This TV program is a breakthrough. CNN IBN, a leading English-language channel, started a campaign for the freedom of Sanal Edamaruku. “Does a rationalist deserve to be jailed for questioning a religious miracle?”, asked firebrand moderator Sargarika Ghose on 4th December in CNN IBN’s flagship program Face the Nation, calling upon the public to take a stand. The response was impressive: people from all walks of life expressed unequivocal support for Sanal, on camera, on twitter and on facebook. The wave keeps running… And 87% of the viewers who participated in a public internet ballot answered the question “Are blasphemy laws out of place in a secular democracy?” with a clear Yes! The blasphemy law should go.

    • Israel must explain targeting of journalists in Gaza

      The Committee to Protect Journalists is gravely concerned that Israeli airstrikes targeted individual journalists and media facilities in the Gaza Strip between November 18 and 20. Journalists and media outlets are protected under international law in military conflict.

    • Possible censorship of Putin and Medvedev’s names on Russian television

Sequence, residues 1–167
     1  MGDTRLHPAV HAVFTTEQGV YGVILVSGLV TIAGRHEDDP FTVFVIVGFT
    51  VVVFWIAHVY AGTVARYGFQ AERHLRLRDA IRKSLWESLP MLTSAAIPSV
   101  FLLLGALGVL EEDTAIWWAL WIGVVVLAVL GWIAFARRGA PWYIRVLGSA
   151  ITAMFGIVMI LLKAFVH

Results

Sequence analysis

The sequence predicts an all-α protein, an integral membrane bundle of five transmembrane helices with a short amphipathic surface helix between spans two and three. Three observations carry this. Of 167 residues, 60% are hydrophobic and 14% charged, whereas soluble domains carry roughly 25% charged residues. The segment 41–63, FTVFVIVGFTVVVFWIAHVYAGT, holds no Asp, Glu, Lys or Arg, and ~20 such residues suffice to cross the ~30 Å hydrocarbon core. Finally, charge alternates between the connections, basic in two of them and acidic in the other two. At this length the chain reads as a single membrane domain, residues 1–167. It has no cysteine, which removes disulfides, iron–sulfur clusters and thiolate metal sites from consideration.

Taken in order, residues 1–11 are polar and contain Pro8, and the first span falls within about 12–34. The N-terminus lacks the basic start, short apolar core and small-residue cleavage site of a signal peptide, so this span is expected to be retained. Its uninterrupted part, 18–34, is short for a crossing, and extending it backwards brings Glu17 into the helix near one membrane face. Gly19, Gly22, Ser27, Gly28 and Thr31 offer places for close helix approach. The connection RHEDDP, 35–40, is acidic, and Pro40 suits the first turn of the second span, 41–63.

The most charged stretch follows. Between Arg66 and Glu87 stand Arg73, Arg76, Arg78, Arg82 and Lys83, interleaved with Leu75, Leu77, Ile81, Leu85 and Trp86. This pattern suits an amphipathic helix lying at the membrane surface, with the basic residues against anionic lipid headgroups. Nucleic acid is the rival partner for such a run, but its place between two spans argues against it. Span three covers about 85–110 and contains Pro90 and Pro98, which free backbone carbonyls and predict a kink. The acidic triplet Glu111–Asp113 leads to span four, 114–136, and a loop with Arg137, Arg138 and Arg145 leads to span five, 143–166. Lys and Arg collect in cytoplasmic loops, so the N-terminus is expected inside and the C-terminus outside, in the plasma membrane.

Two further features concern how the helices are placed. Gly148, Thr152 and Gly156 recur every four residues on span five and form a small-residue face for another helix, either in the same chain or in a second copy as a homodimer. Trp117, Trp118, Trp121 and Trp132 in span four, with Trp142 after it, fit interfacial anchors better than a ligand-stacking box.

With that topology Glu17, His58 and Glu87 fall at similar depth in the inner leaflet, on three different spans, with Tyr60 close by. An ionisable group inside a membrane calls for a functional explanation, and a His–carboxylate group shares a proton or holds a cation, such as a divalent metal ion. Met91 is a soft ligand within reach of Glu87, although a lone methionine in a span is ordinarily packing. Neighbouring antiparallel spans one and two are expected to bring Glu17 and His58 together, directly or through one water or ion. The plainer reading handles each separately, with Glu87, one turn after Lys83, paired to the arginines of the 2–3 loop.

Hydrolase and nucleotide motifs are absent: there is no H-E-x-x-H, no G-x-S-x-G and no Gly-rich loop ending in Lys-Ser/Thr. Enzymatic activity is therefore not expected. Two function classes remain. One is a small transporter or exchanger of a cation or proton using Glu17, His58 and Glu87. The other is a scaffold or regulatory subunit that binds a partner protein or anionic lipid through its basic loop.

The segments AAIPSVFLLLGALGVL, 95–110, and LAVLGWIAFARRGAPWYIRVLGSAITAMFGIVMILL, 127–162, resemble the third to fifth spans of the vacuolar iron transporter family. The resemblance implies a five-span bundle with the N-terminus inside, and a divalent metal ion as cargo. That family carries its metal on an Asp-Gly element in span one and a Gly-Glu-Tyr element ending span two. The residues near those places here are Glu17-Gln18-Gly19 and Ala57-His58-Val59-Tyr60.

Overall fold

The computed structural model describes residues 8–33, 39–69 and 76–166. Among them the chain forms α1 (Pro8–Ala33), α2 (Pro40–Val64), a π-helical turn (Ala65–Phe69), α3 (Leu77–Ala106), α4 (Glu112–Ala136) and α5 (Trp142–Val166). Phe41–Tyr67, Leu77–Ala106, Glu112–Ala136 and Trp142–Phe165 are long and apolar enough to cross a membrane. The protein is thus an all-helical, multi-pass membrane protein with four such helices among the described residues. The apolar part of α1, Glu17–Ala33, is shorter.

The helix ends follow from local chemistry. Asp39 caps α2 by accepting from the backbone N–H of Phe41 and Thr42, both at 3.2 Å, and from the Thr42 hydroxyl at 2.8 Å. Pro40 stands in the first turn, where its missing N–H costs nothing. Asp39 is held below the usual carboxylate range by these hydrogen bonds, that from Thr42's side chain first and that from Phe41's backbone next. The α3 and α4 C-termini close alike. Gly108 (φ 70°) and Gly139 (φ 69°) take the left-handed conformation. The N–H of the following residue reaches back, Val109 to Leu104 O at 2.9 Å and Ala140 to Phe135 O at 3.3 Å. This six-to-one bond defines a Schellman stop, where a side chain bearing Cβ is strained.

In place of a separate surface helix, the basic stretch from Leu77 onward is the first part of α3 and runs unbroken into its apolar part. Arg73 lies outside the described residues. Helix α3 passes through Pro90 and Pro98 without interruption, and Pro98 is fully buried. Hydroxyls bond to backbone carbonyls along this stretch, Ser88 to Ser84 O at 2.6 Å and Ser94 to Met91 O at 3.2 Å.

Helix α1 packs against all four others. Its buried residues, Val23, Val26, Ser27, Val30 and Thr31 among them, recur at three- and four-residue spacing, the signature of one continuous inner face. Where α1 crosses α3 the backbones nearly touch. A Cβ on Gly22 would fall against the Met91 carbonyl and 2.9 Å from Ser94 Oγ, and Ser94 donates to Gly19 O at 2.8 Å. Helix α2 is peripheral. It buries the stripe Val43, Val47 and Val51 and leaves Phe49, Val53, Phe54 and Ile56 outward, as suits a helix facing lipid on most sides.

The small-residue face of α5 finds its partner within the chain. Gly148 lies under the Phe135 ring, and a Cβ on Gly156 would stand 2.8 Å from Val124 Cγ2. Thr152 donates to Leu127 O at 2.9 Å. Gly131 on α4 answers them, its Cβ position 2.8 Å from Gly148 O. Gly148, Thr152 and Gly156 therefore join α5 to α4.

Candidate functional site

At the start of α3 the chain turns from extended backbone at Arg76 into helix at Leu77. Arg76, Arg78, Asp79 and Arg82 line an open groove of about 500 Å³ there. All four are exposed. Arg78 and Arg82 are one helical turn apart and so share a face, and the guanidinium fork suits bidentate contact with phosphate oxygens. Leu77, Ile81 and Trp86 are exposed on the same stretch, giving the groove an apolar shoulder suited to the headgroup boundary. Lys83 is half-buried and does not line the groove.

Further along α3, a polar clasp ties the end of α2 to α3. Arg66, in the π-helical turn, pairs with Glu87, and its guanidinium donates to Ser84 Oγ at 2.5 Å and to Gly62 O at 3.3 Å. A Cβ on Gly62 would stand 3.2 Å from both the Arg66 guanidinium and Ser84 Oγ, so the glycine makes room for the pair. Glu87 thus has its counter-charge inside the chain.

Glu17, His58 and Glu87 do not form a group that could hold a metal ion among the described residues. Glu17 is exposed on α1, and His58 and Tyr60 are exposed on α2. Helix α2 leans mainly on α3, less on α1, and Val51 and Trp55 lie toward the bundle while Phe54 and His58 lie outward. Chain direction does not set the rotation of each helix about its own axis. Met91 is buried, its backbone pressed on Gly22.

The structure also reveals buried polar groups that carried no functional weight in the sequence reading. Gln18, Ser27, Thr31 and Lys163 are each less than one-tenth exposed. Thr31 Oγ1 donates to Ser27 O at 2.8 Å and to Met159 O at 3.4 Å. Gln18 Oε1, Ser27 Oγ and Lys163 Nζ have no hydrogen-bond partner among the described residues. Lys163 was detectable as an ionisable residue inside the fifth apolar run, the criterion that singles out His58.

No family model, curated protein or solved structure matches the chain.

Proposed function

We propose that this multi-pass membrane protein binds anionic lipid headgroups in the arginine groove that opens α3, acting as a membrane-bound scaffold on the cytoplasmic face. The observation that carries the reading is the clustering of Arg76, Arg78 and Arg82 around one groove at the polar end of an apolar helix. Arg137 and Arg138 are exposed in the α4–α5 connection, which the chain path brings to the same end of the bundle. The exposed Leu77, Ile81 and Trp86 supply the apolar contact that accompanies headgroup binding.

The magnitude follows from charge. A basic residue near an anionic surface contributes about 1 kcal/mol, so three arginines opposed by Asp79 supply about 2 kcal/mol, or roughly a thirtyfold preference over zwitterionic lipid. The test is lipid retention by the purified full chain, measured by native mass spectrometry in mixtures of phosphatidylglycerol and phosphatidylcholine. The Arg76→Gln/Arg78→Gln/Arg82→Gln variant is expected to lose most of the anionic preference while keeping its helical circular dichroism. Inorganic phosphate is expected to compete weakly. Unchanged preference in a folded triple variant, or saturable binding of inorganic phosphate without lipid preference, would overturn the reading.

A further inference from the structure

Here’s a somewhat curious story: The Russian TV channel NTV showed a performance by the rock band “Leningrad”, which is famous for incorporating many Russian expletives in its lyrics. The expletives were censored by beeping, which is the usual and expected practice, comparable to beeping on words like “fuck” in American TV. The surprise in this performance, however, was that the names of president Putin and prime minister Medvedev, who were mentioned in the song, were censored the same way. The name of the the Church of Christ the Savior, which recently became famous as the stage of Pussy Riot’s notorious performance, was partly censored as well, although the name “Pussy Riot” itself was not censored.

    • Peers vote to remove law banning insulting language
    • ANC tries to muzzle media coverage of leadership conference